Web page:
Perhaps it can be a precursor to a blend between connectional and congregational systems: churches that want a minister so badly they will accept a cross-conference appointment can put out a "call" for a minister that other conferences can fill.

....let's stop there (number one critique of HX: my posts are too long!). What do you think?
  • What balance should there be between maintaining systems of ordination and affirming the call of individuals?
  • What do you think about the cross-conference appointments idea?
  • What other methods can ordained ministry leadership try rather than being the stop-gap for new clergy?
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DogBlogger June 16, 2008 at 12:40 PM  

Re: "What do you think about the cross-conference appointments idea?" The DCOM on which I serve is actively working with this idea right now. Time will tell whether it actually goes anywhere; it was placed on tables at Annual Conference but never brought to the floor for discussion, so we are pursuing other avenues.

Rev. Jeremy Smith June 16, 2008 at 1:12 PM  

I think theological diversity works against cross-conference appointments. Because it usually involves changing jurisdictions, there's some bias against Western Jurisdiction people going to the SE Jurisdiction, and vice versa. It's a gross generalization, for sure, but one I think isn't too far off base.

Eric Helms June 16, 2008 at 9:22 PM  

My understanding is that my conference has in the past informally practiced this by telling candidates, "we don't have an appointment for you, but if you find an appointment in a nearby conference we will commission you."

I think cross jurisdiction appointments should work. My home conference was originally southern Indiana, I went to Seminary in North Carolina, and currently serve in New Jersey. Each conference has had congregations and clergy that are across the theological spectrum. What use is there in being UNITED Methodists if we can't be in ministry with people across the theological spectrum represented within our denomination?

Finally to add the the systemic conundrum, I have in two different conferences seen the "Gee, we really need young clergy, we would be glad to have you, but sorry no space." In one conference, they are actually recruiting young clergy despite not having places to put them and end up turning away those whom they recruit.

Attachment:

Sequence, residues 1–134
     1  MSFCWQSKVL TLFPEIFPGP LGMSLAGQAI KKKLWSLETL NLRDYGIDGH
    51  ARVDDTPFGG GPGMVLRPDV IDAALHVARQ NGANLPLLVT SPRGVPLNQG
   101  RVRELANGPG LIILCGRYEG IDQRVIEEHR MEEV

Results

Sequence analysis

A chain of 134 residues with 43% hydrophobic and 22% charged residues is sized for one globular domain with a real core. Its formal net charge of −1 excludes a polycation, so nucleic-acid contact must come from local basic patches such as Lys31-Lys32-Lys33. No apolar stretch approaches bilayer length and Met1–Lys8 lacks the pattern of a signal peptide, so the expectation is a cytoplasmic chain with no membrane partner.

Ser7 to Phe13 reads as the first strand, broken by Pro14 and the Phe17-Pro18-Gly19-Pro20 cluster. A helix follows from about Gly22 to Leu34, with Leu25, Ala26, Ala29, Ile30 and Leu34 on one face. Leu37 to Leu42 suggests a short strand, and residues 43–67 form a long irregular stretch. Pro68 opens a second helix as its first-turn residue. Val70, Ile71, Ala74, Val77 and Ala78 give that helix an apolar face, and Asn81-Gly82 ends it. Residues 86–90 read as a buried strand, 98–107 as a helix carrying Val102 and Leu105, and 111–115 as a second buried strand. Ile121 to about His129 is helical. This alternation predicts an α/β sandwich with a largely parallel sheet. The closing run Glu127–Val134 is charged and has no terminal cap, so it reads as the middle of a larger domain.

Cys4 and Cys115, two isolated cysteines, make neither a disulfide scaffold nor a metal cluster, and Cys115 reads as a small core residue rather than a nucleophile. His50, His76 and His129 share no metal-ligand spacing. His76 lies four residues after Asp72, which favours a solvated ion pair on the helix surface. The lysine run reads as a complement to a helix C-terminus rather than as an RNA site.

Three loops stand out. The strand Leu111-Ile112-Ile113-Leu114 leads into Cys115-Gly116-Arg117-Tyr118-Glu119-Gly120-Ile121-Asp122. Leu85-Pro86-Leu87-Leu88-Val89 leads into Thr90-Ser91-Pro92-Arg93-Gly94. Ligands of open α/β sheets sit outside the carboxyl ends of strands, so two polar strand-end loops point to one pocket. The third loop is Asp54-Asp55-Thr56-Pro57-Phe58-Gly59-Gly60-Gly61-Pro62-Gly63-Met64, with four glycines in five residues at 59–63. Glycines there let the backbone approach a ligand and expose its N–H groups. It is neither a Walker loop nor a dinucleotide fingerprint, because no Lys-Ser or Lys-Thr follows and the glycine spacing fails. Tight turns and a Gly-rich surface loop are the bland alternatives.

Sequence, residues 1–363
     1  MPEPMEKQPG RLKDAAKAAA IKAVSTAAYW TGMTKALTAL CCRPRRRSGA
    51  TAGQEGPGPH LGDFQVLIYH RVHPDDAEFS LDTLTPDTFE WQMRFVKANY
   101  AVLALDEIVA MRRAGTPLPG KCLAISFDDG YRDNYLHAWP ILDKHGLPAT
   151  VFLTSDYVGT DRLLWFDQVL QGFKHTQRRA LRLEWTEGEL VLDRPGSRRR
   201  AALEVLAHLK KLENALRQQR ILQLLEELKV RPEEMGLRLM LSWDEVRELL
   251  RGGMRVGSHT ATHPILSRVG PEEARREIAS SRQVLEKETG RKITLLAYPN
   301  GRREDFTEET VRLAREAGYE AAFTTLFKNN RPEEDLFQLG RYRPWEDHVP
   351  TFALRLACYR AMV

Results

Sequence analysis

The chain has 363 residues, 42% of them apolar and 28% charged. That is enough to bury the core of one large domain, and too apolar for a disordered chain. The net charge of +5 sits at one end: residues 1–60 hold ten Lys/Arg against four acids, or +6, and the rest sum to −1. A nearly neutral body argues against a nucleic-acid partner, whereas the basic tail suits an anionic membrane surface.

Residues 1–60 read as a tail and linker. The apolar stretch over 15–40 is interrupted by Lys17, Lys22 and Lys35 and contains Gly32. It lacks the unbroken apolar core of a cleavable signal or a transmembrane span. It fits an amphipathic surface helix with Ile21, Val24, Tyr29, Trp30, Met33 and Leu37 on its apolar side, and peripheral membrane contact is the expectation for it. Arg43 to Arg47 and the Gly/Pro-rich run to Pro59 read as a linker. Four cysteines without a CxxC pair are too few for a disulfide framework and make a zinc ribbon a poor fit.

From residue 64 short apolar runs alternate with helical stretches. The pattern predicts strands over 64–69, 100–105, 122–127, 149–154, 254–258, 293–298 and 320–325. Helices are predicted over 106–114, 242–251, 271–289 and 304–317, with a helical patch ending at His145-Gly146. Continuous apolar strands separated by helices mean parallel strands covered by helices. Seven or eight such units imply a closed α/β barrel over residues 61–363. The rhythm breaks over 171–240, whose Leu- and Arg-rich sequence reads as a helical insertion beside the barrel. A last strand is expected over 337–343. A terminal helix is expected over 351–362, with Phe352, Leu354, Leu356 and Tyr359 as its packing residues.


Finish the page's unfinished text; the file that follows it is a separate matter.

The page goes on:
I don't know if your posts are too long or not, but this comment certainly is!

Anonymous,  June 17, 2008 at 6:19 PM  

Coming from a conference that always struggles to fill its open appointments, I must say I was rather surprised by this post (although not by the shortsidedness of the BOOM -- that's sadly quite common).

Sounds to me like we need to have a better means of exchanging clergy across conference boundaries. That's not a call system, its simply using our connectional system more effectively.

Cross-conference appointments are pretty common, but have generally been done as 1-for-1 exchanges. The polity is already in place, we just need to revise our practices.

As a lay person, however, it continues to amaze me how difficult we make the ordination process. We've done such an awful job of recruiting young clergy over the last 20 years. Why do we keep shooting ourselves in the foot?

Rev. Jeremy Smith June 18, 2008 at 2:55 PM  

@ Eric, I think that's exactly the system I'm proposing...since it is already in use, encourage it more!

The young clergy conundrum points to a breakdown between the Board of Ordained Ministry and the Cabinet which places clergy. If there aren't locations for young clergy, then they should get a heads up beforehand that they can be commissioned if they secure a placement in another conference...and give them the resources to do so.

@ anonymous, amen to that! It would seem that your conference would greatly benefit from partnering on an official level with a clergy-rich conference. Perhaps you are just the anonymous person to suggest and spearhead it!